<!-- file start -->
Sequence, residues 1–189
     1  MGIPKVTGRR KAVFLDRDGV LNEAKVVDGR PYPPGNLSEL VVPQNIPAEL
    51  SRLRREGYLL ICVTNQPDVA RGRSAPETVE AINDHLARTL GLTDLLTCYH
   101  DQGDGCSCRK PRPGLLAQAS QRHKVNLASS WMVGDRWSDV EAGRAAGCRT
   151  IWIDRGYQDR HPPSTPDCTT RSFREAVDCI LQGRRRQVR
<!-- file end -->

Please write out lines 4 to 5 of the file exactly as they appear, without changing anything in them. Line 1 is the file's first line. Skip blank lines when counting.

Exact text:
   101  DQGDGCSCRK PRPGLLAQAS QRHKVNLASS WMVGDRWSDV EAGRAAGCRT
   151  IWIDRGYQDR HPPSTPDCTT RSFREAVDCI LQGRRRQVR